Barack Obama - The Caucus - Politics - New York Times BlogSenator Barack Obama, as he becomes his partys presumptive presidential nominee, is starting to exert his authority over the Democratic National Committee. A first step? New fund-raising guidelines.

Mr. Obama announced today that the D.N.C. will no longer accept contributions from federal lobbyists or political action committees, which follows the rules he established for his own campaign last year.

Ive sent a strong signal in this campaign by refusing the contributions of registered federal lobbyists and PACs and today, Mr. Obama told an audience in Bristol, Va. Im announcing that going forward, the Democratic National Committee will uphold the same standard and wont take another dime from Washington lobbyists or special interest PACs. They do not fund my campaign. They will not fund our party.

He added: Were here today because we know that if were going to make real progress, this time must be different.

We want the Democratic Party to conform to his standards of openness to reduce the influence of special interests, Linda Douglass, a campaign spokeswoman, told reporters today before Mr. Obama flew from New York City for a campaign stop in Virginia.

The announcement comes the morning after Mr. Obama helped raise about $2.5 million for the D.N.C. at a Manhattan fund-raiser. Aides said the rules would take effect going forward, but would not be retroactive. (Translation: Last nights haul likely included money from federal lobbyists or PACs.)

The decision underscores what Mr. Obama intends to make a central theme of the general election campaign with Senator John McCain: reducing the influence of Washington lobbyists and special interest money.

But Mr. Obama has yet to answer another looming question governing money and politics: Will he be the first presidential candidate to decline public financing about $84 million this year and the accompanying spending limits?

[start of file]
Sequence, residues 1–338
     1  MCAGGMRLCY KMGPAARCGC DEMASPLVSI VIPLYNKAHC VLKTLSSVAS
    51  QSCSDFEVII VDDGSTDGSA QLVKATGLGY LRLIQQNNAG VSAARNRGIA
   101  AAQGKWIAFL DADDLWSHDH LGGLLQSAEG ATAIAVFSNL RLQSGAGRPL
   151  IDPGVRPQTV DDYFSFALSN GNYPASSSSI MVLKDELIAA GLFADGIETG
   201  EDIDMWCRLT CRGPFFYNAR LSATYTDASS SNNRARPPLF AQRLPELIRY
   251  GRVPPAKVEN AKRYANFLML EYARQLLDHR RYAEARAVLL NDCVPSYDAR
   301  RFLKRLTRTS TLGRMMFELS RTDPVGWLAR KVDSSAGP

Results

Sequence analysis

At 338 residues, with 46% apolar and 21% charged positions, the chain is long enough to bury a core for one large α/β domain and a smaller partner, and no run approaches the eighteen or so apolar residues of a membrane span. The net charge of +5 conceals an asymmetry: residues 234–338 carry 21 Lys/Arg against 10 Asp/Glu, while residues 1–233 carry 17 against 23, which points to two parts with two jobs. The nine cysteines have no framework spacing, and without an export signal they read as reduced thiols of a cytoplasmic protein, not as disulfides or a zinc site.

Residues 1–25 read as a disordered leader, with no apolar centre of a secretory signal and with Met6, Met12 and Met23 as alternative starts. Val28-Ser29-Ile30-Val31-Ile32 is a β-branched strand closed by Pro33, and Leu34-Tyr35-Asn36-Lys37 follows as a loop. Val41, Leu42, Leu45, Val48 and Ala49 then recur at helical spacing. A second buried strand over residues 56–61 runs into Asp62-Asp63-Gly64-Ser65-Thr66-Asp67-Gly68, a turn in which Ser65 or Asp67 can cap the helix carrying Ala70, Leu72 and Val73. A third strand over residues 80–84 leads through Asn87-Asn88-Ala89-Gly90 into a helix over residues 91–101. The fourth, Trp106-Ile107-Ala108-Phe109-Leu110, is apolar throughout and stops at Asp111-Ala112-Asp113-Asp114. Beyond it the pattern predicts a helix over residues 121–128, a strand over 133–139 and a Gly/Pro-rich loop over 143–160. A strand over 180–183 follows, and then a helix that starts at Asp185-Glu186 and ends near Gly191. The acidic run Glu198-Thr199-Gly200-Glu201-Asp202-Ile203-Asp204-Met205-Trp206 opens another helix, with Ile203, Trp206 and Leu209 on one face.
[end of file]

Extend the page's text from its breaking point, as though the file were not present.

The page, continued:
For months, Mr. Obama has sidestepped that question, backing away from a pledge he made last year to accept public financing if the Republican nominee did the same. He said he would make a decision at the conclusion of the primary campaign, but argued that his record-setting fund-raising operation has created a parallel public financing system because of the large amount of small donors.

No major-party candidate has turned down public financing for the general election since the system took effect in 1976. And Senator John McCain has indicated that he intends to accept the infusion of public financing.

While $84.1 million for the two-month fall campaign is a sizable amount of money, Mr. Obamas fund-raising machine has shown an ability to eclipse the figure easily, raising half of that or more in several recent months. Advisers concede he could take a public relations hit if he decides to bypass the public financing, so they are working on a series of new proposals including todays announcement about the D.N.C. in an attempt to demonstrate their commitment to reducing the influence of money and special interests.

Aides have not said when Mr. Obama intends to make his decision.

The Obama campaign also announced that Howard Dean will remain chairman of the Democratic National Committee. M. Dean issued a statement on the new fund-raising guidelines:

The DNC and the Obama Campaign are unified and working together to elect Barack Obama as the next president of the United States. Our presumptive nominee has pledged not to take donations from Washington lobbyists and from today going forward the D.N.C. makes that pledge as well. Senator Obama has promised to change the way things are done in Washington and this step is a sure sign of his commitment. The American peoples priorities will set the agenda in an Obama Administration, not the special interests.

Last night, before he attended two Park Avenue fund-raising events, Mr. Obama spoke to Mr. McCain for the first time.

Senator McCain called Senator Obama last night at 7 p.m. to congratulate him, Ms. Douglass told reporters today. They had a short, cordial conversation and said they looked forward to having a civil discussion in the campaign going forward.

An early test of that cordiality could be over the role of money and special interests in the campaign.

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